Mama Nadi runs her place and her prostitutes with a firm hand.  She’s an unsentimental, bottom-line realist, using as whores the girls who are victims of sexual exploitation — mass and ongoing rapes — by soldiers, and then expelled by their kin as dishonored.  She offers them a place and a living.  Most of the time they keep in mind that they have no choice and are grateful — but thoughts of sweeter and more decent possibilities sometimes overwhelm them.  It’s a brutal story, and a real one in the sense of being based on the playwright’s interviews with victimized Congo women.

The play thus tells an important story, and has well written and acted confrontations between determined characters.

BUT … A problem is that Mama Nadi’s seems too nice a place.  In between the terrible things that happen in front of your eyes, you begin to feel that — like the girls — you could do worse than be here.  In Mother Courage everybody’s so hungry, the last time I saw it I came out hungry — oh for some warm soup!  Mama provides food and shelter, in critically short supply in Brecht’s play.  She and her girls, and the repeat visitors form a family, like the denizens of O’Neill’s bar in The Iceman Cometh.  Mama’s strength, conveyed with an all embracing vitality by Saidah Arrika Ekulona, is reassuring.  The set is lit by a golden gleam, reflecting off the piano-polished stage floor.  Everything’s in good repair — the ramshackle bar is painted over in pretty pastels.  The play takes up violence in terms of war, gender, and conventions of honor, but until violence directly intrudes, Mama’s place seems benign.  AIDS and other STD’s, in this play about prostitutes and soldiers in Africa, are never mentioned.  None of the girls is on drugs and none is alcoholic.  If war didn’t intrude here, what would happen to these girls anyway in ten years?  Ruined doesn’t ask that.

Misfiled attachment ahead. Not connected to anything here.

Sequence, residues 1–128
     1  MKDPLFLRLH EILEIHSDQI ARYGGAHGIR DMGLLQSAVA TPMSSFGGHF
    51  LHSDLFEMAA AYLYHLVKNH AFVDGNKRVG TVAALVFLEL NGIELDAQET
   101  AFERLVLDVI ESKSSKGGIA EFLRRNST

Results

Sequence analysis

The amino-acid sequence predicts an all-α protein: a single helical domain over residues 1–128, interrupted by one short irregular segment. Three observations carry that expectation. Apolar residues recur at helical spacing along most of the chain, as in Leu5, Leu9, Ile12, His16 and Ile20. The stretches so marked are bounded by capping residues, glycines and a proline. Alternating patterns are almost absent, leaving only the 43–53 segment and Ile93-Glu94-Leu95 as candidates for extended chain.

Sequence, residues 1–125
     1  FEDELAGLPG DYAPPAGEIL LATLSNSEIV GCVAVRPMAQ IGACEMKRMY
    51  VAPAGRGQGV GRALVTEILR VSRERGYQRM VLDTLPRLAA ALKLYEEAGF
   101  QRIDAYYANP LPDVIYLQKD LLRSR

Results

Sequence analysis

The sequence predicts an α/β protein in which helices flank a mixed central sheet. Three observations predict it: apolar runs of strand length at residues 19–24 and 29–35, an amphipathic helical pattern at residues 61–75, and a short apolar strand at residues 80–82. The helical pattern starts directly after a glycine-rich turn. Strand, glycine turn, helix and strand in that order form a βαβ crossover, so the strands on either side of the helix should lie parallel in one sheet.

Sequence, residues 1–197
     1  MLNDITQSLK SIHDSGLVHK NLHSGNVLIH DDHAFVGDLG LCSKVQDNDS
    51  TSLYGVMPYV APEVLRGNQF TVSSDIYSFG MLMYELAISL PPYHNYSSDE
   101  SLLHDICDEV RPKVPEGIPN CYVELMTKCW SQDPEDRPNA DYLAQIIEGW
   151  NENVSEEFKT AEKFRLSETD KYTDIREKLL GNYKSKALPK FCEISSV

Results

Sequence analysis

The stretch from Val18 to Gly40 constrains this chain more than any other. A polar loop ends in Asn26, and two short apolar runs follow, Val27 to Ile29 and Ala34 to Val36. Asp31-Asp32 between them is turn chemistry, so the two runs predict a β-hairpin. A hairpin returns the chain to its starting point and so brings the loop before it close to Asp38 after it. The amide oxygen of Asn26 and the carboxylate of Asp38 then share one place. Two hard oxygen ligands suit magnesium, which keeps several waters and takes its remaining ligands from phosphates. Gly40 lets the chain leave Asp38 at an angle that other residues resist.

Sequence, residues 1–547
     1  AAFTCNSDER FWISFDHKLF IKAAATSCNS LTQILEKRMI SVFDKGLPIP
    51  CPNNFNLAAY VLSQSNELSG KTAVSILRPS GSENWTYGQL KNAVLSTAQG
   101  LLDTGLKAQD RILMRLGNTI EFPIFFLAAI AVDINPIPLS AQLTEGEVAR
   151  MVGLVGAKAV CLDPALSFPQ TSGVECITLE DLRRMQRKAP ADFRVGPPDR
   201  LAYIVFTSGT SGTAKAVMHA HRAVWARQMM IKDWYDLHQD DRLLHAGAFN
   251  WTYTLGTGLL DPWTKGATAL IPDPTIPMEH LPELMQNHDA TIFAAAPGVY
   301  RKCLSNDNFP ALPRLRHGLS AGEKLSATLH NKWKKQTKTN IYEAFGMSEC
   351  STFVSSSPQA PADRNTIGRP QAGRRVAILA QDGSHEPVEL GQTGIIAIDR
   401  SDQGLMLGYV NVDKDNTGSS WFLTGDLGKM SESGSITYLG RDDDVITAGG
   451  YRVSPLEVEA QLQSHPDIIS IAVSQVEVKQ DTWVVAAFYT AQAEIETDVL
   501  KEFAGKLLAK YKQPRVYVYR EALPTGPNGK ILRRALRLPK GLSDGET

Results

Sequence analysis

Thus, in spite of horrific events, the overall mood is so upbeat the play is ultimately sentimental.  In this it differs mightily from Journeys, recently produced in NYC and reviewed by me here, which like Ruined tells violence-plagued stories of women from around the world based on interviews, without the rosy glow.  Ruined lets the audience leave with one of Brecht’s “happy endings, nice and easy” — without the irony.  Brecht doesn’t paint in pastel colors.

Ruined, however, draws dramatic strength from its fully drawn and realized characters and fine cast.  The play shines a light on the worst aspects of humanity, on much in between, and also on the best, particularly in the character of Christian, a purveyor of goods who loves Mama Nadi, and whose poetic and persistent character is beautifully played by Russell G. Jones.  The three girls we follow (we never see hide nor hair of the seven or eight others who are said to be there which is a real flaw in this play) have distinct personalities and their stories are moving and emblematic:  Condola Rashad as the sensitive, maimed Sophie, Quincy Tyler Bernstine as Salina who must forget the past, and Cherise Booth who … don’t miss her dancing!

Ruined is easier to take than it should be  — perversely it turns out to be a pleasant evening of theater.

Ruined plays at NY City Center Stage 1 in midtown Manhattan, through April 19th, 2009.